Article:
When we founded Blockchain Association five years ago it was an open question whether or not the digital assets industry could make effective use of a trade association to argue its priorities in front of Congress and other federal regulatory agencies.
Kristin Smith is the CEO of the Blockchain Association.
Some of the most persistent questions in Washington D.C. at the time were whether crypto would still be around in a few years, rather than asking complex questions about market structure, taxing non-fungible tokens (NFTs) or if code is protected by the U.S. Constitution. While those issues are still up for debate, it’s clear that crypto’s staying power is not.
As Blockchain Association marks five years since its founding, it’s worth pausing to reflect on the past half-decade and look forward to the challenges that will likely define the industry’s success in arguing its case in U.S. capitol in the years to come.
From President Donald Trump’s anti-Bitcoin tweets, to meteoric market gains in and sobering losses, to the collapse of the Terra blockchain and then FTX – all overseen by an increasingly hostile Securities and Exchange Commission (SEC) that seems dedicated to pushing the American crypto economy offshore – the digital assets industry experienced major moments of disruption over the past several years.
Nevertheless, even amidst these dramatic moments, crypto adoption continues to grow. Multiple presidential campaigns have felt compelled to issue statements of support for the domestic digital assets industry. And even though the resultant reports are less-than-kind to crypto, it remains notable that the Biden administration felt the digital assets ecosystem was important enough to issue an executive order directing federal attention to study the technology and recommend responsible regulation.
What, then, will the next half-decade hold for crypto in Washington? It seems foolish to make any sound predictions given the cinematic ups and downs of the past five years, but there are several areas where the Congress, the White House and federal regulatory agencies will likely focus.
Money laundering pain points
The first, and perhaps biggest, long term issue relates to anti-money laundering (AML) efforts. While federal law enforcement agencies have become quite adept at tracking illicit transactions on blockchain networks, high profile cases such as the ongoing action against the developers of Tornado Cash demonstrate the salience this issue has across the government.
While some tech-driven solutions have recently been suggested to ameliorate the concerns of law enforcement while maintaining the pro-privacy protections of services like Tornado Cash, the AML issue is likely to persist as a pain point in the federal government’s general acceptance of crypto’s broader use.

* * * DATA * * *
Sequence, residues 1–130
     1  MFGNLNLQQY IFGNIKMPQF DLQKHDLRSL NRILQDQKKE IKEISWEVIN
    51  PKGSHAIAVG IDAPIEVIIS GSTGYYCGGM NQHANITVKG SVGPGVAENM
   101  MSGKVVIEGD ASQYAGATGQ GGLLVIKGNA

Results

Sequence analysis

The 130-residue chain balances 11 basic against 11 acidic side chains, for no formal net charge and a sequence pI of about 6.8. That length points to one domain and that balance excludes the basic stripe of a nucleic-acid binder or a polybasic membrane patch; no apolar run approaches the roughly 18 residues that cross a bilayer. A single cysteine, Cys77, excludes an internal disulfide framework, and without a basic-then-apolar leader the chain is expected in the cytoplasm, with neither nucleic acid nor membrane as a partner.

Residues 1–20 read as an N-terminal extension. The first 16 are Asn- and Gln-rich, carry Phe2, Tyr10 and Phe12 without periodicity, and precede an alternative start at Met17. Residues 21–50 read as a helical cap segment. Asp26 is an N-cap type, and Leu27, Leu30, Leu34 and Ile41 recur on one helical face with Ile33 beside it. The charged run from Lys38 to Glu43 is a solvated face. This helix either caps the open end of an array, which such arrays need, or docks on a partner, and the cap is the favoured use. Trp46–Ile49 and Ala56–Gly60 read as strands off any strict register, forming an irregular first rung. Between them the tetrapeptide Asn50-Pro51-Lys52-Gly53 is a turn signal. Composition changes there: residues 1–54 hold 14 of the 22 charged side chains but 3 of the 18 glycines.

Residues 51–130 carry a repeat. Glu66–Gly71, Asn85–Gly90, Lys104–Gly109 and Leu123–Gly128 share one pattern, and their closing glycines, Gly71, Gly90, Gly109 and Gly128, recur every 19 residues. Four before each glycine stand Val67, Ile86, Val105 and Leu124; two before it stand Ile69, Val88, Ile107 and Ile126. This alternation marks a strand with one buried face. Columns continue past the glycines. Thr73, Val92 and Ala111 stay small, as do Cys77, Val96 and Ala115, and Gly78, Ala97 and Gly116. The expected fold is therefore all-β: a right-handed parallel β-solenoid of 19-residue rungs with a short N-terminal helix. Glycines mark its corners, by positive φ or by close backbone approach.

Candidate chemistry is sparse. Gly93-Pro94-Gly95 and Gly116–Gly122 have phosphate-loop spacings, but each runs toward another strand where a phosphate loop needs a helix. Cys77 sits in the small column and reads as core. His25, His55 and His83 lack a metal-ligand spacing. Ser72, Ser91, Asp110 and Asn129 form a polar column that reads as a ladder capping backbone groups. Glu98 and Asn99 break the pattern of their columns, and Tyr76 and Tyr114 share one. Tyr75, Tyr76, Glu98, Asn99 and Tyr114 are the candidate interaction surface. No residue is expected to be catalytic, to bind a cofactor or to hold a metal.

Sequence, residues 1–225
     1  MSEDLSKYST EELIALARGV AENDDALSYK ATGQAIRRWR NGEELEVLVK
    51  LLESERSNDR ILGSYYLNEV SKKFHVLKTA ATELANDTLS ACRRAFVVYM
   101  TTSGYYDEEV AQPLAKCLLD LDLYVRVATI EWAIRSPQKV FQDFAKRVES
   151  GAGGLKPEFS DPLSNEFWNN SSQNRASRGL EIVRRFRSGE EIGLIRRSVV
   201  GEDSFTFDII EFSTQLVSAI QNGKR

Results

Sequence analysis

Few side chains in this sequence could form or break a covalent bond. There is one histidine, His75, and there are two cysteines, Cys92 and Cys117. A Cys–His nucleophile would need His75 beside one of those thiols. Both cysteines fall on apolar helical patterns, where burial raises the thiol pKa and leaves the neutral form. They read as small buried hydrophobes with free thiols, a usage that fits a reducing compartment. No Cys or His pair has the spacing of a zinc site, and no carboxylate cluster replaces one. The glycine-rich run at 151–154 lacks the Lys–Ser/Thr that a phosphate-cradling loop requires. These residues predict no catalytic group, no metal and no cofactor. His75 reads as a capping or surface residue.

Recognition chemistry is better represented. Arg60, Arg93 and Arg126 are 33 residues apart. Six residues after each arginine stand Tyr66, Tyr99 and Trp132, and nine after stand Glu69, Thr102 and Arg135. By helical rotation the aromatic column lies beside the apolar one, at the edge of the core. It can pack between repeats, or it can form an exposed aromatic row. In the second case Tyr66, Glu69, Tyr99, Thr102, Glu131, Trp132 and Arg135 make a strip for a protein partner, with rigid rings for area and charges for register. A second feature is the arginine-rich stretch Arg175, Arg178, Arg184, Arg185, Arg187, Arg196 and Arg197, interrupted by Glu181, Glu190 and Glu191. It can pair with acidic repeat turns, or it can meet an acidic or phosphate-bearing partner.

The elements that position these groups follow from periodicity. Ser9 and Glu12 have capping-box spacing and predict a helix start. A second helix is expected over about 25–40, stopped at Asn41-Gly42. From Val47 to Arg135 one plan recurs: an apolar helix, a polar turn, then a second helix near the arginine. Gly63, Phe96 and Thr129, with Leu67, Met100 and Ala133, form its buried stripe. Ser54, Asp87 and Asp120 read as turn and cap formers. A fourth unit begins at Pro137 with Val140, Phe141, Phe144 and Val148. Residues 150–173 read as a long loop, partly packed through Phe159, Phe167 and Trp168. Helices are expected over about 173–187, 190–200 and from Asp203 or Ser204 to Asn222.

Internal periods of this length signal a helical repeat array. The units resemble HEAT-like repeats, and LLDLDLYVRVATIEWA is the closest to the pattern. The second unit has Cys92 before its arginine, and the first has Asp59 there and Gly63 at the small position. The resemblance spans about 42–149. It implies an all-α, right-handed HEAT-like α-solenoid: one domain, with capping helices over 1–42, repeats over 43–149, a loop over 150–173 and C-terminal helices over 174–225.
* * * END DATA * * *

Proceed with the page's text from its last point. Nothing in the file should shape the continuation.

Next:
Crypto-specific bills, pro-crypto politicians
The second issue is the most likely path to pass legislation through both the House and Senate, and into law. While crypto advocates were right to celebrate the milestone this past summer of multiple crypto-specific bills being voted out of their respective House committees, the now-pressing question of the fate of those bills in the House and then the Senate must be considered.
Is there enough common ground between the current set of elected officials in these chambers to come to agreement on new crypto regulation? Time will tell as we watch this set of bills make their way to a full House vote, and perhaps beyond, but it’s a reminder that supporting pro-crypto candidates for office is the best, longterm strategy we have to change the congressional view of this technology.
We’ve come a long way over the past few years cultivating crypto champions, and we have a better sense than ever of how Congress as a whole thinks about crypto, but there is much more work to be done.
Regulatory sea change
Lastly, with a major election on the horizon, we address the known unknown of federal regulatory personnel. Depending on the outcome of the 2024 presidential election, there could be a sea change at the relevant regulatory agencies, bringing in fresh faces that may have more enlightened perspectives on the development, use and proliferation of digital assets.
Even if the White House does not change hands, recent legal losses at some of those agencies – most notably the SEC – may turn the tide and persuade those crypto antagonists that a different approach is needed as it attempts to corral the domestic industry.
See also: U.S. Court Calls ETH a Commodity
5 years ahead
The past five years for the digital asset ecosystem hasn’t always been smooth – but it has galvanized the industry’s strong voice in Washington D.C. At the Blockchain Association, we’re proud to be that voice of the industry with an unwavering mission: to advance the future of crypto in the United States.
We’ll continue to advocate in Washington on behalf of our members – and the industry as a whole – for the next five years, and many more to come.